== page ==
posted on 10 Nov 2013, 09:23

51. Droid_X_Doug (Posts: 5993; Member since: 22 Dec 2010)


How did the leaking actually hurt Nokia? Nokia wasn't hurt too bad since they signed a license. You can't make unsubstantiated claims in court. No harm no foul is a well-established principle in litigation.

Sammy has the burden of proof to show no harm, but if it can make the showing, there is ample precedent for the no foul part.

posted on 10 Nov 2013, 04:45

47. amats69 (Posts: 1466; Member since: 12 Nov 2012)


Yeah it is a simple logic yet you didnt get it...sorry.

posted on 09 Nov 2013, 19:01 3

25. stealthd (unregistered)


Samsung was the "unwanted party" here. It was "leaked" to them by their lawyers. When a document says "For Attorneys Only", it's not just a suggestion.

posted on 12 Nov 2013, 01:44

60. pvaraich (Posts: 15; Member since: 30 Apr 2013)


When it goes to the employees, that means it was leaked as that gives Samsung a ground to copy, which has been their path for success. Everytime a company is about to launch a new product, it leaks because the employees pass on that information to outsider for money.

posted on 09 Nov 2013, 19:36

31. PAPINYC (banned) (Posts: 2315; Member since: 30 Jul 2011)


Yes, please sanction the hell out of Samsung so that the President can turn around and veto. My bad, he's the iPresident and thence sanctions will stick.

posted on 10 Nov 2013, 06:58

48. medicci37 (Posts: 1288; Member since: 19 Nov 2011)


I don't think this type of info should be confidential

posted on 09 Nov 2013, 16:39 7

3. tedkord (Posts: 12273; Member since: 17 Jun 2009)


Nail them.

posted on 09 Nov 2013, 22:11 1

39. androiphone20 (Posts: 1654; Member since: 10 Jul 2013)


BURN THEM, BURN THEM WITH FIRE

posted on 09 Nov 2013, 16:39 6

4. dorianb (Posts: 600; Member since: 24 Oct 2012)


:facepalm: @ Samsung.

posted on 09 Nov 2013, 16:48 7

5. Mozarrt (Posts: 301; Member since: 08 Oct 2011)


If the rules have been breached then Samsung should be punished accordingly.

posted on 09 Nov 2013, 17:08 16

7. joey_sfb (Posts: 6015; Member since: 29 Mar 2012)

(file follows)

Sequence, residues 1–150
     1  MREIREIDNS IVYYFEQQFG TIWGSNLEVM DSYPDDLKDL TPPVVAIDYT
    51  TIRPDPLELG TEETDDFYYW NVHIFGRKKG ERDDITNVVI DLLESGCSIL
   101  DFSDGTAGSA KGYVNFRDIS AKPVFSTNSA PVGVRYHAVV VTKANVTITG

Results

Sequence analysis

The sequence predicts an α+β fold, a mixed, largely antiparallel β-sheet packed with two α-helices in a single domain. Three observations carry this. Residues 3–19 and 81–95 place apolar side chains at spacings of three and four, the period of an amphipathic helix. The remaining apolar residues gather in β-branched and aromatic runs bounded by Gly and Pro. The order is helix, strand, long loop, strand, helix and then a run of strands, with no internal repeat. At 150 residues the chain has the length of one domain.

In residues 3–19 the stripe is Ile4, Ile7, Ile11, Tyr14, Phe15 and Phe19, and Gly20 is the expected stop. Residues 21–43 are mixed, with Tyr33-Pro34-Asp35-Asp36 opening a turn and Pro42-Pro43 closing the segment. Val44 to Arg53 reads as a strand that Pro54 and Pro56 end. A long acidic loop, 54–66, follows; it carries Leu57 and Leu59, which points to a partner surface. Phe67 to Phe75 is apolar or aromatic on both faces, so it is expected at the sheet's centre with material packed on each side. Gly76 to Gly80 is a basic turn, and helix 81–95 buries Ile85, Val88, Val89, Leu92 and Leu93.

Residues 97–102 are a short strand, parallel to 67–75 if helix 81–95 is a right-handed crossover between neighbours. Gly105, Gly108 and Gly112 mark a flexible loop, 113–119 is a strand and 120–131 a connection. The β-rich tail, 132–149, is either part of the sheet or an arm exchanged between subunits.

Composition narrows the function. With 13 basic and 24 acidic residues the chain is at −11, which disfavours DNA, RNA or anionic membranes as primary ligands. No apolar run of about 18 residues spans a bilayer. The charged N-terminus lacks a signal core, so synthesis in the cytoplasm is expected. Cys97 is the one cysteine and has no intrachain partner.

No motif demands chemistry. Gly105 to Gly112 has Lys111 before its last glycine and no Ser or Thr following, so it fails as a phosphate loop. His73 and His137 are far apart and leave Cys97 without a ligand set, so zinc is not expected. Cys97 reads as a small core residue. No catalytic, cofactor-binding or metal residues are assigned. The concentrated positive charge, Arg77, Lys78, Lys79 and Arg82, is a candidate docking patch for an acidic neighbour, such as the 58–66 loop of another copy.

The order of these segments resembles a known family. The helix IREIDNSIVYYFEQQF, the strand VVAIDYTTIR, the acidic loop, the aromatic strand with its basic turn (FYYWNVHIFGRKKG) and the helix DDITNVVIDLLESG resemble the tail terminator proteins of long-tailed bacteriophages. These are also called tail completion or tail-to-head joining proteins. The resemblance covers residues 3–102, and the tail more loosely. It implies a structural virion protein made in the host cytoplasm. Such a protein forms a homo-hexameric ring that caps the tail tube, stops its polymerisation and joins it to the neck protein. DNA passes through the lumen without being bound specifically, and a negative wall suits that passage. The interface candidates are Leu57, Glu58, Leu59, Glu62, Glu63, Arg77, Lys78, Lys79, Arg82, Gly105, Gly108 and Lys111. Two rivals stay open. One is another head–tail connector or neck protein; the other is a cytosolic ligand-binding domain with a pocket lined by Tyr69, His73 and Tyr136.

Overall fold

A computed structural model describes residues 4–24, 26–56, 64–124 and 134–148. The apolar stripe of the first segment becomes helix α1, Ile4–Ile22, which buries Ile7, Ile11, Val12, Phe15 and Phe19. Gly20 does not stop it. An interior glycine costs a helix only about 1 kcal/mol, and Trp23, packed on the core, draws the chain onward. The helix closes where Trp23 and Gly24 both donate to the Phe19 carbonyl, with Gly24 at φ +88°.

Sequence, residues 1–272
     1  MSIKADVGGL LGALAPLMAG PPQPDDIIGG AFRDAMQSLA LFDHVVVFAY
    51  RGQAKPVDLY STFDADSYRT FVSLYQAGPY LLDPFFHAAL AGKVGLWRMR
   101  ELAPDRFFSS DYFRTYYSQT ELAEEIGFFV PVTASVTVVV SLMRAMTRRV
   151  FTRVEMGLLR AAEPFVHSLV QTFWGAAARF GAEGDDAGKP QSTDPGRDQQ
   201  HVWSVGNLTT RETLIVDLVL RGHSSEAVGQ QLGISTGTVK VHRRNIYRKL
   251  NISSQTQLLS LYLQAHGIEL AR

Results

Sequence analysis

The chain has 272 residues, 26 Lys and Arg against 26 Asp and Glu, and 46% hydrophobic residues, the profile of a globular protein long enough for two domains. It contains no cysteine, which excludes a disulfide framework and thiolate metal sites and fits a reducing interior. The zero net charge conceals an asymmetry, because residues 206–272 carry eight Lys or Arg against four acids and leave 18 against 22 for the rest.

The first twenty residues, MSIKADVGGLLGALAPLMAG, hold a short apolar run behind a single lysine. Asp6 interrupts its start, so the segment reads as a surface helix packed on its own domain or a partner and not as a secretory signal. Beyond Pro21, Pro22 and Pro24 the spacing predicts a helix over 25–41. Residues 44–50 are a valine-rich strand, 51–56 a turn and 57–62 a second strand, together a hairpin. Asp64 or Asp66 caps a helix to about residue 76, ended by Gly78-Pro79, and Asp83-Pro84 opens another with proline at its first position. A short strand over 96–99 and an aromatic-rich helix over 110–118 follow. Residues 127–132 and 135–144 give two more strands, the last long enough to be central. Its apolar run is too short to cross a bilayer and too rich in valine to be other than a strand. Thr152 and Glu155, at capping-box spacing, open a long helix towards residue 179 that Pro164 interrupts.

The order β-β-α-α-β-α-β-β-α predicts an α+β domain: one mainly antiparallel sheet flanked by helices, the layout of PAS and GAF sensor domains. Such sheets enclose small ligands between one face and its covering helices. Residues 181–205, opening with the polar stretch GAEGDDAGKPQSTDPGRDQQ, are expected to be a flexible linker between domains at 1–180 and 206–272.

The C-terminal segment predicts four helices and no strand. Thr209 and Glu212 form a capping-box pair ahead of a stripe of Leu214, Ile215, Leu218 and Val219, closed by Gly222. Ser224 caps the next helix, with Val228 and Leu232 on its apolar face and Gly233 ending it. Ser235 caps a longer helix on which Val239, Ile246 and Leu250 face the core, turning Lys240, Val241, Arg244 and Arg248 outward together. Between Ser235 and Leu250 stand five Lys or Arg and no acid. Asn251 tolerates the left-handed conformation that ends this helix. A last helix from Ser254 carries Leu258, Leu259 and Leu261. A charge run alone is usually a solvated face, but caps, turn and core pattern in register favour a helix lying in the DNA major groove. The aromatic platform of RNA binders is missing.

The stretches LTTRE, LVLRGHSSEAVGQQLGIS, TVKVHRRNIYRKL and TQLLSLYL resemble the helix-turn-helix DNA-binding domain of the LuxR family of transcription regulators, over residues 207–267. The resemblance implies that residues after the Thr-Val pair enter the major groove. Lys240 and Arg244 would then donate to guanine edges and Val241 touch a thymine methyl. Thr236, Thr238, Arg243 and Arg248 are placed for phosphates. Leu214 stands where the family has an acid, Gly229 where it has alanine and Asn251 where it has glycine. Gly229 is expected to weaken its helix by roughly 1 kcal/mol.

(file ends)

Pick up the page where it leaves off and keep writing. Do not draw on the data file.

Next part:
I do agreed that if Samsung break the US law they should be punished. But in the US, Apple can break the law and get presidential pardon.

Hypocrisy at its finest. To me reason are just excuse outcome is all that matters.

posted on 09 Nov 2013, 17:14 6

8. Mozarrt (Posts: 301; Member since: 08 Oct 2011)


Apple's activities (how bad they may be, I have no idea) have nothing to do with crimes committed by Samsung. And it's not only Apple, but also other companies including Nokia that think Samsung has committed a punishable offence.

posted on 09 Nov 2013, 18:32 3

17. 14545 (Posts: 1605; Member since: 22 Nov 2011)


Oh, so their competition says that big bad Samsung did something wrong(how would they know), therefore they must be right? What kind of logical sense does that make.

posted on 09 Nov 2013, 18:42 3

20. Finalflash (Posts: 3216; Member since: 23 Jul 2013)


Doesn't matter who gets off where, no one deserves special treatment. Apple's products should have also been banned and they should not have been given special treatment. But this isn't a one for one deal, the injustice has to be stopped where ever possible.

posted on 09 Nov 2013, 18:53

24. 14545 (Posts: 1605; Member since: 22 Nov 2011)


I agree. But in this situation it just sounds like sour grapes.

posted on 09 Nov 2013, 19:14 2

26. stealthd (unregistered)


You've got your facts pretty heavily mixed up.

Apple didn't "break the US law". The ITC issued an import ban based on FRAND patents, which was pretty much universally frowned upon. So the head of the FTC vetoed the ruling (not Obama, and not a pardon).

posted on 09 Nov 2013, 19:20 2

27. 14545 (Posts: 1605; Member since: 22 Nov 2011)


So because it is FRAND (and obviously essential) a the company shouldn't be compensated for it? Huh?

posted on 10 Nov 2013, 14:28

53. stealthd (unregistered)


Did I say that? No, I didn't. ITC isn't about compensation, if they want to get compensated for their patents then they should negotiate or head to court.

posted on 09 Nov 2013, 19:26 2

28. tedkord (Posts: 12273; Member since: 17 Jun 2009)


The ITC found that Apple was engaging in bad faith negotiating, they were never intending to pay for use of those FRAND patents. That's why they took the unusual step of ordering a ban. The veto did not dispute these facts.

posted on 10 Nov 2013, 14:56

55. stealthd (unregistered)


That's what a lawsuit is for. It's been pretty much universally agreed in multiple jurisdictions in multiple countries that standards essential patents should not be used to get a ban. That doesn't mean Apple is off the hook, that means Samsung has to get damages through court.

posted on 09 Nov 2013, 20:43 5

35. willard12 (Posts: 1722; Member since: 04 Jul 2012)


Did Apple break the law by conspiring to fix ebook prices?